The dead man lay on his face in his bed, the sheets and blankets pooled around his feet. The back of his head was a bloody mush. He had on a pair of baggy white shorts and his skinny legs were quite hairy. The apartment smelled of old clothes and dusty air and something else. Carl Landry recognized that third smell. It was the odor of a body, brutally violated, giving up its life. It was a smell that had intrigued him once. Then it had saddened him. Now, it was just something he was used to. Just part of the job.
Carl was a reporter with the Boston Globe and he stood at the dead man's bedroom door, notebook in hand, carefully recording everything he could see, writing in a cramped style that had seen him through high school and the Army and four years of newspaper work.
Detective Paul Malone caught his eye and separated himself from the chattering group of cops. He and Carl were friends, sort of. As much as a cop and reporter can be. Malone was in his late forties, overweight, and wore a tan coat that flapped about his shins. There was a faint patch of gray stubble on his chin where he had missed shaving that morning, and his thick gray-black hair was combed to one side with some wet-looking goop.
"C'mon, Carl, get out, will ya?" he said, shooing him backward. "I let you see the stiff and that's fine. Any more and when the Herald shows up, they'll expect the same treatment, and we can't have none of that. Turn this freakin' place into a freakin' circus, you will."
Carl smiled his best buddy smile and said, "Come along, Paul. Chat with me for a second or two, will you? Deadline's coming up and I want to phone this in. Make the morning edition."
"And beat the pants off the Herald, right?"
"You got it."
Two steps and they were in the kitchen. A younger detective was dusting the countertops for fingerprints. There was a flash of light from the police photographer in the bedroom.
The apartment was small and cluttered and to Carl's practiced eyes it had been tossed. Drawers were open, closet doors were ajar, and clothes and dishes were scattered across the floors and on top of the furniture. The kitchen floor was linoleum and an empty metal bowl was on the floor, jammed up in the corner. The breakfast dishes were still in the sink. One cereal bowl, one coffee cup.
A tiny prewar TV set and a bunch of newspapers and magazines were in the living room. A jet screamed overhead, going toward the landing strips at Logan Airport. The carpet was light brown and threadbare along the edges, with a faint pattern of flowers that had been trampled away by years of foot traffic.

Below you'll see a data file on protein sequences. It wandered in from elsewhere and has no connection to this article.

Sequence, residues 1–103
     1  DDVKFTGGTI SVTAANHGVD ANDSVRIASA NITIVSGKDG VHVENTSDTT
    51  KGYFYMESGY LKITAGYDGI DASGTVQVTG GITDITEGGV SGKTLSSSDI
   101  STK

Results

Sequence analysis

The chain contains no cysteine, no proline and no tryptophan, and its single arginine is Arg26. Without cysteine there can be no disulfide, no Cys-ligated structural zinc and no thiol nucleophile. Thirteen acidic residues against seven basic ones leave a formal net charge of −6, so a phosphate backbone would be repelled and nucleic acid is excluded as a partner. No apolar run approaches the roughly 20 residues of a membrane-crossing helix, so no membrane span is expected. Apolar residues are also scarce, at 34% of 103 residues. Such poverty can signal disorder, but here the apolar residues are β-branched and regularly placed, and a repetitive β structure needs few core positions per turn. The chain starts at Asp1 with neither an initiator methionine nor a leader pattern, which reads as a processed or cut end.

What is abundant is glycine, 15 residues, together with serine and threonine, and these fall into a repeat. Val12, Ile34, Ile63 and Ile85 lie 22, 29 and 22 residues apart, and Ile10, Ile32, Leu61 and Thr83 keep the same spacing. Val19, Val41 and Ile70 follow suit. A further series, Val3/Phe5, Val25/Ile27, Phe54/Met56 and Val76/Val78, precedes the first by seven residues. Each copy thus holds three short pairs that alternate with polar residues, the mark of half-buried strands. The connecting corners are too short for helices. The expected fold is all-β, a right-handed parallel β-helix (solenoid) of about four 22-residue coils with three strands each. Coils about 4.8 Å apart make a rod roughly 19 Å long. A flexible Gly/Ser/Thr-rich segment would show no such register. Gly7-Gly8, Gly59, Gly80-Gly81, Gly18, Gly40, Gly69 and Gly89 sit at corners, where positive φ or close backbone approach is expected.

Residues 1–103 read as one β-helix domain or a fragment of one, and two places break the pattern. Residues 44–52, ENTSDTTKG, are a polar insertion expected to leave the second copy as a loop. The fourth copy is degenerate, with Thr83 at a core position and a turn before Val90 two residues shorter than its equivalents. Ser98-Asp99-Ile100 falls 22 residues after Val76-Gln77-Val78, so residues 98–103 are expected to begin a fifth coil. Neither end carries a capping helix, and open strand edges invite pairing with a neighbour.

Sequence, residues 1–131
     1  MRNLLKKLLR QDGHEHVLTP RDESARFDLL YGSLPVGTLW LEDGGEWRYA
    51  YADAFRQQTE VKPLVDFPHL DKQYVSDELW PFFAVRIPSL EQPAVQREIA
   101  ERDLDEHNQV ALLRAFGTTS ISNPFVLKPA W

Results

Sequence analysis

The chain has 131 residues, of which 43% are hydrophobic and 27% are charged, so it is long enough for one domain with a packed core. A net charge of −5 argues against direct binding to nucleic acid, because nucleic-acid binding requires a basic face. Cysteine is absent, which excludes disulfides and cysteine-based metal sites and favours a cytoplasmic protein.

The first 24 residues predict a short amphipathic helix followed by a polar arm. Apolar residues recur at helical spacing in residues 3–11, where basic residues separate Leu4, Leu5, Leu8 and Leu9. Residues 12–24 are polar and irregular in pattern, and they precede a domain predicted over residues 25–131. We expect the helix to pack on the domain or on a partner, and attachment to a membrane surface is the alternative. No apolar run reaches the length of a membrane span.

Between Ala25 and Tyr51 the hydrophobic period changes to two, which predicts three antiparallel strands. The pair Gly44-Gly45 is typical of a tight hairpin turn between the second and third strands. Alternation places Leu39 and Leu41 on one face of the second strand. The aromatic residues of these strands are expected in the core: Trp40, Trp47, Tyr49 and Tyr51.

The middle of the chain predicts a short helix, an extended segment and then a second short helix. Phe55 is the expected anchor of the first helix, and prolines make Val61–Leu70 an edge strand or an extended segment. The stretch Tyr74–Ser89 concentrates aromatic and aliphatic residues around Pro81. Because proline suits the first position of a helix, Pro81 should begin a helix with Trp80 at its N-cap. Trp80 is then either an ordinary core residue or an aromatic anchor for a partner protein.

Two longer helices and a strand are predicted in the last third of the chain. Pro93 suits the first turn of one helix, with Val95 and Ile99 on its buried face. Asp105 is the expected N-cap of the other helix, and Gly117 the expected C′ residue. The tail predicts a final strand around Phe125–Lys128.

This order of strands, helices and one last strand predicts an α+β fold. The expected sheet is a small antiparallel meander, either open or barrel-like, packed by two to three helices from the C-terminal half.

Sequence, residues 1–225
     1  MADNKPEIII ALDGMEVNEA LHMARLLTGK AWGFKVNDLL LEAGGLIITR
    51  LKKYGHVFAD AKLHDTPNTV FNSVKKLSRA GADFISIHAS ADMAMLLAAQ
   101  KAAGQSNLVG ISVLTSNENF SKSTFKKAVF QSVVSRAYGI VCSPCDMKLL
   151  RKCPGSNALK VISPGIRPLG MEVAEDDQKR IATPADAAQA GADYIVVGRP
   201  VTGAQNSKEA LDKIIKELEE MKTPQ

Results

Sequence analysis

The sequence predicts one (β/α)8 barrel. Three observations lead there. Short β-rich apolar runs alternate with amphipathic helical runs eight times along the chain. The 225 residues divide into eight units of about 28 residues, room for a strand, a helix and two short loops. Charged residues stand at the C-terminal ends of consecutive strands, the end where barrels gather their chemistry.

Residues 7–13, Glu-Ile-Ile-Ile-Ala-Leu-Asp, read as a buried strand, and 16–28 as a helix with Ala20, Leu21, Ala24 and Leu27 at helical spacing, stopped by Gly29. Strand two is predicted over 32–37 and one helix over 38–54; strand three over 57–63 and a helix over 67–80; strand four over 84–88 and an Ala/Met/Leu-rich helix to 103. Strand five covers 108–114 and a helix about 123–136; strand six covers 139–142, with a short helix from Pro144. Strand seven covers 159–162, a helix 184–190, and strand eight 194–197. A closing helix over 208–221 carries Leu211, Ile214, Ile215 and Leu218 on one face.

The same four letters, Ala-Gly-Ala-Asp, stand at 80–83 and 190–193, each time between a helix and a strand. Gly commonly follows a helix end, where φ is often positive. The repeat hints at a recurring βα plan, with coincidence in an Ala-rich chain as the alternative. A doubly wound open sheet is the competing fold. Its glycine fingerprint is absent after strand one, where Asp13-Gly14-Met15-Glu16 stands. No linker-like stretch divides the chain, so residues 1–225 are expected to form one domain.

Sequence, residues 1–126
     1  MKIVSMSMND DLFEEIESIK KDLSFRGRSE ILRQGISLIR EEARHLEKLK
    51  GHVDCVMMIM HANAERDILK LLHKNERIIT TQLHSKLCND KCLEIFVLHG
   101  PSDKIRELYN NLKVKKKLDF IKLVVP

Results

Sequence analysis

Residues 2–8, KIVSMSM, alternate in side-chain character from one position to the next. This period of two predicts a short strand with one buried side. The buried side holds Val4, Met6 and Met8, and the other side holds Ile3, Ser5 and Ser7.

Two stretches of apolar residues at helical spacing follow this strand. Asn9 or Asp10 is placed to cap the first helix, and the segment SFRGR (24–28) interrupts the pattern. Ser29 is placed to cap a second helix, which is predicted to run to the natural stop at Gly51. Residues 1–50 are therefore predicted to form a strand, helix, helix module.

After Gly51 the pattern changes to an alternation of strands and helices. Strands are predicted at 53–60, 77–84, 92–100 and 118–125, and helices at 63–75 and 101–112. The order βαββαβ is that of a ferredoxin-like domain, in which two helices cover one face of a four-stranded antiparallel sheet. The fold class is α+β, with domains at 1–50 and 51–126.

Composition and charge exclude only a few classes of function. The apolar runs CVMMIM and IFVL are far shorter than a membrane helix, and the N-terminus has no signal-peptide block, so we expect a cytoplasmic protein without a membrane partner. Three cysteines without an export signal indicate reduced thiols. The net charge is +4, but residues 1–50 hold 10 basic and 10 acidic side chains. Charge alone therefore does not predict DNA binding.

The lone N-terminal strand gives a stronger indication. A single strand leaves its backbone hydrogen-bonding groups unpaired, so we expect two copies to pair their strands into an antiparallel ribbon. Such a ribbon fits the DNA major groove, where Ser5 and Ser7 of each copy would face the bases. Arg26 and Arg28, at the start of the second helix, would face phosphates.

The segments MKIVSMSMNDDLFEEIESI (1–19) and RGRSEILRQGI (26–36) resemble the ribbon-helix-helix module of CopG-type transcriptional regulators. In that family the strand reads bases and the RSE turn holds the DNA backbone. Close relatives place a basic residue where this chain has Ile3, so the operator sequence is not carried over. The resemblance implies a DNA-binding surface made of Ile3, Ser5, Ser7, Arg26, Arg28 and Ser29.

The door had three locks, a sensible precaution, especially during the winter, when supermarket shelves emptied by ten every morning and the prostitutes in the Combat Zone bartered their wares for cans of beef stew. But none of the locks appeared broken.
During the past couple of years at the Globe, Carl had run into Paul Malone on a fairly routine basis. Carl's job was general assignment reporter. Because of his military experience, his editors thought he'd be used to seeing dead bodies, so more often than not, he was sent out on crime stories. He and the older detective had a cautious but respectful relationship. Malone was relatively straight when it came to news, and Carl was equally polite when it came to asking the questions.
"What we have here is one Merl Sawson. Age sixty. Apparent gunshot wounds to the back of the head." Malone's accent was pure Boston.
Carl scribbled away. "Looks pretty apparent to me."
"Sure it does, young fella, but I ain't putting my name to it until he's at the morgue. Would look pretty funny if we turned him over and found a knife to his heart, now, wouldn't it?"
"Yeah. A laugh and a half. You wondering who might have done the shooting?"
Reprinted from RESURRECTION DAY by Brendan DuBois by permission of G. P. Putnam's Sons, a member of Penguin Putnam Inc. Copyright © 1999 by Brendan DuBois. All rights reserved. This excerpt, or any parts thereof, may not be reproduced in any form without permission.
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